- About Us
- Publish with us
- Biological Influences on Criminal Behavior
- The Bonds of Love and Friendship in Early Modern English Literature
- British Law and Arctic Men: The Celebrated 1917 Murder Trials of Sinnisiak and Uluksuk, First Inuit Tried Under White Man's Law
- Canadian Criminal Law in a Rapidly Changing World
- Classics in Environmental Criminology
- Current Issues in Health, Third Edition
- emerge 16
- emerge 17
- Exercise Programming Science and Practice
- Figurative Language: A Historical Guide
- The Foundation and Processes of Clear Communication
- A Linguistic Introduction to the History and Structure of the English Lexicon
- Management Challenges in Canadian Federal Corrections, 2nd Edition
- Serious and Violent Young Offenders and Youth Criminal Justice: A Canadian Perspective
- Shakespeare Early and Late: A Textbook
- Voicing the Essay: Reading and Writing for Depth
Classics in Environmental Criminology
Martin A. Andresen, Paul J. Brantinghham, J. Bryan Kinney
A careful analysis of environmental factors is key to understanding the causes of crime, to solving crimes, and eventually helping to predict and prevent them. Classics in Environmental Criminology is a comprehensive collection of seminal pieces from legendary contributors who focus on the role that the immediate environment plays in the occurrence of a crime.
Divided into three parts, the book begins by highlighting the development of environmental criminology as a discipline through its origins in spatial criminology. It examines social disorganization theory, which explains criminal activity with reference to the characteristics of the community that delinquents live in. It then discusses the ecology of crime with reference to macroenvironments and microenvironments. The next section introduces concepts such as routine activity theory, the geometric theory of crime, the rational choice theory of offending, and crime pattern theory.
The last part focuses on the concept of crime prevention, examines the idea of altering the environment in order to prevent crime, and discusses situational crime factors and efforts to reduce the opportunities for crimes to be committed. It considers the impact of routine activities on crime prevention initiatives and advocates a flexible approach to crime prevention based on the dynamic nature of our environment. The book concludes with a chapter outlining how environmental criminology has evolved in recent years and provides a future outlook on where it may be headed.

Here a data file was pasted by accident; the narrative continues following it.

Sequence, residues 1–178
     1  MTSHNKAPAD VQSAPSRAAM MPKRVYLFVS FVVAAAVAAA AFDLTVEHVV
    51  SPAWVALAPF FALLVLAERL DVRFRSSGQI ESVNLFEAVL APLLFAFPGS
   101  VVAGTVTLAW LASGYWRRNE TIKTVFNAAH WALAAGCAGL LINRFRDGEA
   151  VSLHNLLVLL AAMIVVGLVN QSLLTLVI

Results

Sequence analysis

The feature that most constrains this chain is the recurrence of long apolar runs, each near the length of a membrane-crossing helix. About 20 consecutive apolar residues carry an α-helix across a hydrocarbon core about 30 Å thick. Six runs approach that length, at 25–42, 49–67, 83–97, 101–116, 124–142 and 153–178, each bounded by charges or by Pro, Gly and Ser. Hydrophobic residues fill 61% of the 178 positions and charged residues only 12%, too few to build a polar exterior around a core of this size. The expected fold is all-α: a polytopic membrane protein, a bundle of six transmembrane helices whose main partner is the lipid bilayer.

Invaluable as a textbook and as a professional reference, this volume is a comprehensive survey of a critical field in contemporary criminological theory. Offering insight assembled by top academic figures within the criminology community, this work is destined to provoke further inquiry and research.
About the Authors
Martin A. Andresen is a Professor at Simon Fraser University's School of Criminology. He studies spatial crime analysis, crime and place, geography of crime, environmental criminology, applied spatial statistics and geographical information analysis.
Paul J. Brantingham is a Professor Emeritus at Simon Fraser University School of Criminology. His areas of interest are computational criminology, environmental criminology, the ecology of crime, crime analysis, historical criminology, comparative criminal justice, legal aid, and related matters.
J. Bryan Kinney is an Associate Professor at Simon Fraser University School of Criminology. His areas of interest are environmental criminology theory, geography of crime, police studies, crime prevention and crime reduction, and quantitative research methods, court sentencing, patterns and historical criminology.
If you would like to submit a purchase order to buy the print version of this book for resale at your store or institution, or for your library, or would like to purchase a single copy, please email the Managing Editor, SFU Publications email@example.com for print versions, wholesale pricing and details.
Cost for print-version from SFU Publications: $102.00 CN